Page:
Senator Mac Harb plans to repay about $51,000 in expense claims to the Senate, his lawyer says.
Earlier this year, a Senate committee ordered Mr. Harb to return living expenses he had claimed to help cover the cost of maintaining a residence in Ottawa. The Senate gave him until midnight Wednesday to repay the money and had threatened to claw back his wages if he refused.
Simon Ruel, Mr. Harb's lawyer, said his client has decided to repay the money "under protest" and maintains that the Senate's decision was illegal. "He does not admit liability," Mr. Ruel said in an e-mail. "Should he be successful in Court, his position is that the Senate would have to reimburse him."
Mr. Harb filed an application for judicial review of the Senate's decision last month, arguing that the proceedings against him were unfair and that the Senate did not give him a reasonable chance to participate in its investigation of his expenses. The Senate has not yet filed a response to Mr. Harb's claims.
The Ontario Senator was told to return the money in May after independent auditors found that he spent more time in Ottawa than at the Pembroke area home he claimed as his primary residence. Senators whose primary residences are more than 100 kilometers away from Parliament Hill are allowed to claim living expenses to help cover the cost of staying in Ottawa for work.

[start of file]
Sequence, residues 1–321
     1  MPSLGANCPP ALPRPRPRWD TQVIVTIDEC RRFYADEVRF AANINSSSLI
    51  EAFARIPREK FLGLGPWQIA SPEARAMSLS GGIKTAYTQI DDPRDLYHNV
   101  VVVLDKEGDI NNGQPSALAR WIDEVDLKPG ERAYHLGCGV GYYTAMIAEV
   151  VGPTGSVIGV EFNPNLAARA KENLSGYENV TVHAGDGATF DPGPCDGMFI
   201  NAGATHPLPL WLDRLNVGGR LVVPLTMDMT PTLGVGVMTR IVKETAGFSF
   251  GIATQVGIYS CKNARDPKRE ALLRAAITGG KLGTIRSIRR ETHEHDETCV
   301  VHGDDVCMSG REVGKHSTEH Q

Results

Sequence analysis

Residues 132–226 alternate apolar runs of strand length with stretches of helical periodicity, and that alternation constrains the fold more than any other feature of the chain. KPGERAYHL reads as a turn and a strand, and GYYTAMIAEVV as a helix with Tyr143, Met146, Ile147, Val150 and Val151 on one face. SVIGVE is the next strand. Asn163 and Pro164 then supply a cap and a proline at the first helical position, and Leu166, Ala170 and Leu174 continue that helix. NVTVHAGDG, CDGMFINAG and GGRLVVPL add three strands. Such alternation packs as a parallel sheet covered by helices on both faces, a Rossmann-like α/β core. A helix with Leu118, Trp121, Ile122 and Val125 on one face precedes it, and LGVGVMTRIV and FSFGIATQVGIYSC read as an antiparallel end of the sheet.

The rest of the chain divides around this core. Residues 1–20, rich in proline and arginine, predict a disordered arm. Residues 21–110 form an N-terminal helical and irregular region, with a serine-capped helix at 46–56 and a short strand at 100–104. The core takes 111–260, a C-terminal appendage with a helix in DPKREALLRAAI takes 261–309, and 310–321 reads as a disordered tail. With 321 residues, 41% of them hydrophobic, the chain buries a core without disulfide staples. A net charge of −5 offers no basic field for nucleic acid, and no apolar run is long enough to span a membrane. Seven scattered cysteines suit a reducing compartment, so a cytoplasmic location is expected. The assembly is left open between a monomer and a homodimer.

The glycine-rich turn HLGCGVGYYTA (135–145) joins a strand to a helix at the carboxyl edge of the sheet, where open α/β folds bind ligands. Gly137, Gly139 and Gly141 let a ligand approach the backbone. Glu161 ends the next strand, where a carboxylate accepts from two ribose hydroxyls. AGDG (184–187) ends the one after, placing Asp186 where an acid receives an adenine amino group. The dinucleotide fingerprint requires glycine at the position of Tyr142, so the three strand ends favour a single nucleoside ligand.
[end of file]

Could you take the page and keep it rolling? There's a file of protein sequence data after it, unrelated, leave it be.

The auditors said the Senate's rules on residency were unclear, but the Senate committee handling the audit disagreed and ordered Mr. Harb to repay $51,000, saying he was not entitled to the claims in the first place. The committee also ordered Senator Patrick Brazeau to return money he claimed for living expenses and kept the money already returned by Senator Mike Duffy – who paid after the Prime Minister's former chief of staff gave him the money.
Conservative Senator Gerald Comeau, who chairs the Senate's internal economy committee, sent a letter to Mr. Brazeau earlier this week informing him that the Senate would begin clawing back his pay by 20 per cent to recover the nearly $49,000 he was ordered to repay, along with $4,000 in legal fees previously covered by the Senate.